My Blog Week: February 28 to March 6
A Word on the Week
Get Your Hands Off My Shoulders
People often react to “I’m sorry, but…” with indignation.
As apologies go, excuses-attached lacks something in sincerity. But when the question is charges-with-consequences, the spirit of law should apply. The accused has the right to know who accuses him of what; and he has the right to raise his best defense.
The best defense for male gropers, though, is not, “I was kidding around.”
The culprit is the culture. Not in the most immediate sense, but due to the long segregation of male and female experience. The trappings of gender are entirely a cultural construct. For anyone tempted to argue that masculinity and femininity are “born” traits, it’s easy to demonstrate otherwise. Think of Florida senator Rick Scott, maybe the most egregious adopter of GOP male drag. Then think of defeated Georgia senator Kelly Loeffler, equally representative of GOP female drag. Consider that she could shave her head and put on a suit and tie, if she wanted to. The culture would regard this a kind of kitsch, or a statement of empowerment, depending on the take. But Rick Scott could not layer on foundation and mascara, put on a bleached wig (with extensions), and ditch the suit for a blouse and skirt.
Women are free to add maleness to their repertoire, in career pursuits, appearance, and behavior, without feeling diminished; men, unless they’re very self-possessed, can adopt few aspects of femaleness without feeling (being made by peers to feel) diminished. All power, if anyone insists that this is nature’s plan, should then go to the stronger sex.
But of course, women are put down by the culture. And men, holding power, create a self-perpetuating permissive environment. If Andrew Cuomo apologizes, even badly, for his behavior, he is not working to change the culture that taught it to him.
Which brings us to Woody Allen. In the 80s and 90s, arguably his heyday, when every film post-Annie Hall was the latest, most brilliant thing from Hollywood, Allen was a popularizer of pop psychology. A couple of the novels I’m reading date from the mid-20th century; both address what was then the new ubiquity of Freudian analysis as filtered through the culture, and both roundly satirize it. The excesses, and the potent obsessions, were funny in those days, to non-subscribers. Today, they aren’t funny, because these ideas aren’t a novelty—they’ve become hardwired into a belief system, like anti-vaxxing and other “information” trafficked on a folkloric basis.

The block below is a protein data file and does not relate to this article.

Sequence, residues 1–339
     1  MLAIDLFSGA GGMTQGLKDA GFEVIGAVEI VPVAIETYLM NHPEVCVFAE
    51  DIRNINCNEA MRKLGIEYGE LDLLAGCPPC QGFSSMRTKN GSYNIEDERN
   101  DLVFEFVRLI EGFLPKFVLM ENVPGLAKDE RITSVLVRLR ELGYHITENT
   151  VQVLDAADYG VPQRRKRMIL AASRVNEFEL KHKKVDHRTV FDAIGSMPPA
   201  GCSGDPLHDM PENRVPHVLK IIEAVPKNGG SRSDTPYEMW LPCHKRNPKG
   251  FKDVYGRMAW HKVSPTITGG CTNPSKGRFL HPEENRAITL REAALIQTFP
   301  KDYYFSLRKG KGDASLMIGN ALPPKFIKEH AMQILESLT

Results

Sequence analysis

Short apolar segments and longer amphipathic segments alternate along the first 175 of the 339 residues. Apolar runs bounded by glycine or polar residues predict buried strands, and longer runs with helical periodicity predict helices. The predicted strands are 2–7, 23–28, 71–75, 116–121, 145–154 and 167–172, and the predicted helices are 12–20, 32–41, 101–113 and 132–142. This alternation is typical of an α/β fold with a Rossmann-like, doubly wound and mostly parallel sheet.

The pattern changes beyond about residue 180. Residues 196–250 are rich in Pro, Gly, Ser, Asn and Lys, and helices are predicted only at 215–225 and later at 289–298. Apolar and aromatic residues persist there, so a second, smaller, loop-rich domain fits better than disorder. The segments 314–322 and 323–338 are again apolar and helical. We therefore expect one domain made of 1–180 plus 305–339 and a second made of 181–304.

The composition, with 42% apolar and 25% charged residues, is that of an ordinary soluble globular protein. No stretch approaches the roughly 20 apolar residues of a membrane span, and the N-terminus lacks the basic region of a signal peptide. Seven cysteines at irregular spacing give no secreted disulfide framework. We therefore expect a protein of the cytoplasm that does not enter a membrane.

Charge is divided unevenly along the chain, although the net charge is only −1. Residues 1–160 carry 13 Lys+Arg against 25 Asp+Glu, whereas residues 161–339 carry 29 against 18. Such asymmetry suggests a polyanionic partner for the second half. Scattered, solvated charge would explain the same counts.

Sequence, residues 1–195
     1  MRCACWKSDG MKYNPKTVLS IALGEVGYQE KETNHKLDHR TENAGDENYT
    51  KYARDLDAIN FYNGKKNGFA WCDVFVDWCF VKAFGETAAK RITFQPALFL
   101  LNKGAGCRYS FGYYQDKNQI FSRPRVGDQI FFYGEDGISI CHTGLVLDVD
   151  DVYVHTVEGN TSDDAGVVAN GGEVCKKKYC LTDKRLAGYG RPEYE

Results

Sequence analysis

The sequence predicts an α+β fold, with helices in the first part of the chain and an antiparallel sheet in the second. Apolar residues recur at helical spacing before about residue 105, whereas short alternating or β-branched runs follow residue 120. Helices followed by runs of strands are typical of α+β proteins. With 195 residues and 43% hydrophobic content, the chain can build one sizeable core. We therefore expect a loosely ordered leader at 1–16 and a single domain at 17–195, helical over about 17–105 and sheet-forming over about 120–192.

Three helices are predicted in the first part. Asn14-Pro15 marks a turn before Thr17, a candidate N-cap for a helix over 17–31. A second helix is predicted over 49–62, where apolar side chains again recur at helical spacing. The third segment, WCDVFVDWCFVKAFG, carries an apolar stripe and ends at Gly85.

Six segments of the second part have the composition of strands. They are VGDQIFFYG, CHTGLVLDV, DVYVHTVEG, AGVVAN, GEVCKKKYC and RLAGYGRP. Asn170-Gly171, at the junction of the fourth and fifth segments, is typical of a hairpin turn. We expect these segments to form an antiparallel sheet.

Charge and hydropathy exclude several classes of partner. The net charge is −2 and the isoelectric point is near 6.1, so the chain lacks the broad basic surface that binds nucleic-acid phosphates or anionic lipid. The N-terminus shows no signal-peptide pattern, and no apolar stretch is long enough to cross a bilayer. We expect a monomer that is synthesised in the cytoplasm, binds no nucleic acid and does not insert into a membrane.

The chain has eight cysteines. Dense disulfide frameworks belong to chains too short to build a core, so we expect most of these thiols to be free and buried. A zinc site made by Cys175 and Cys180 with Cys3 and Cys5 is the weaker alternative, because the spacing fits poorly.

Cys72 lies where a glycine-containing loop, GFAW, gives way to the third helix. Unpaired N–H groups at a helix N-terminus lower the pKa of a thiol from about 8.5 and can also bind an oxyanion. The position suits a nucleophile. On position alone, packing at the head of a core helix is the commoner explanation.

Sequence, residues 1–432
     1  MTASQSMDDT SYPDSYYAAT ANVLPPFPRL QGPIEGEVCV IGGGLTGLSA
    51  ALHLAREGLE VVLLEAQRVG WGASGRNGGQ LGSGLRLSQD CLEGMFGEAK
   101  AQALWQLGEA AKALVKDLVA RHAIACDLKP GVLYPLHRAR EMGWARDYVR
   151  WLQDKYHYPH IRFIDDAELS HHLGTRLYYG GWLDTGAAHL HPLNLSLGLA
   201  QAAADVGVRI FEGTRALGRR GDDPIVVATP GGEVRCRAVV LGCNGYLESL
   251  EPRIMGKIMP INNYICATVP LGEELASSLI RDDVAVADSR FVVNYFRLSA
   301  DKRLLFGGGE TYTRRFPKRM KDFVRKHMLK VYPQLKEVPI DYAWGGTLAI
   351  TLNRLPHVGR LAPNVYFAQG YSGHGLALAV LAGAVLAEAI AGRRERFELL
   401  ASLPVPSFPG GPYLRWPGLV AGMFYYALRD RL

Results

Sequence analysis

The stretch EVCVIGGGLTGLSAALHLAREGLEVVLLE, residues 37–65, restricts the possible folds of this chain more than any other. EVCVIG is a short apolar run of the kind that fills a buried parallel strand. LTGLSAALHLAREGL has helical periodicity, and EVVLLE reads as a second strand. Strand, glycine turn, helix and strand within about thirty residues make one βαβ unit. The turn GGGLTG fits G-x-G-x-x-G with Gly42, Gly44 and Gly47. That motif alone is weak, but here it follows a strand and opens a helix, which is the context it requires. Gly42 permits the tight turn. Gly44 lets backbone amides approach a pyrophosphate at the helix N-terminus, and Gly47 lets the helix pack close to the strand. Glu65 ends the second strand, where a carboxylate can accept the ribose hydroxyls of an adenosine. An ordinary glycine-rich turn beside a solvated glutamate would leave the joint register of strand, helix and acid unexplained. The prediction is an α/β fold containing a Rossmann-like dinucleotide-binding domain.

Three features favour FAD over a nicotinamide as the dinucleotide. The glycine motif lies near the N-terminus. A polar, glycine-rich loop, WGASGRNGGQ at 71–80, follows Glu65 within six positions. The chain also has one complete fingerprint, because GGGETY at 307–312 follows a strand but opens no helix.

Why pseudo-Freudianism? Because the issue isn’t an academic debate. Sexual predators, many of whom belong to that dominant class which determines the culture, gain two things from it, that have become useful tools to them, in grooming victims and deflecting blame from themselves. The first is libido, largely a cultural creation, used, with jargon and alleged scientific authority, to make women feel at fault for not wanting the predator’s advances—this is where berating women for prudishness or inhibition (or not being “like everyone else”) comes in. At its claptrappiest, we have the persistent nugget that sexual feelings build up, and the pressure forces them out in some way, if people don’t give vent to them.
The other useful tool is normalization. If a man said of himself: “My libido won’t let me exercise any self-control, and when I’m around someone I’m attracted to, I have to put my hands on her”, that would make him unemployable at the least. And menacing to society in general. But if libido, this thing that behaves like a gas bubble, is inherent to human nature, the fault is broadcast over us all, and the predator can claim these “teasing” behaviors are to be expected, making the fault something like belching in the office, rather than taking people whose jobs require them to be there, hostage.
On Monday, a new Yoharie, inside the altered mind of Jeremiah Hibbler. On Tuesday, The Sword Decides!, Andreas speaking personally to his wife for the first time. Wednesday, a reissued poem, “Peeled”, from Rattus. Thursday, part thirty-three of Shine! by Mathilde Alanic, Annie accepting that hopeful faith is not as bad as the other kind of religion. Friday, Hammersmith‘s chapter eight, Hogben, with reservations, seeking advice. Saturday, part two of “Heckler”, and the character’s first assignment tackled.
Images on my posts often have a link to related information (click first image), sometimes serious, sometimes whimsical, sometimes in answer to a direct reference. Since people can be leery about links, I include them here: what they are, what sites they point to.
My Blog Week: February 28 to March 6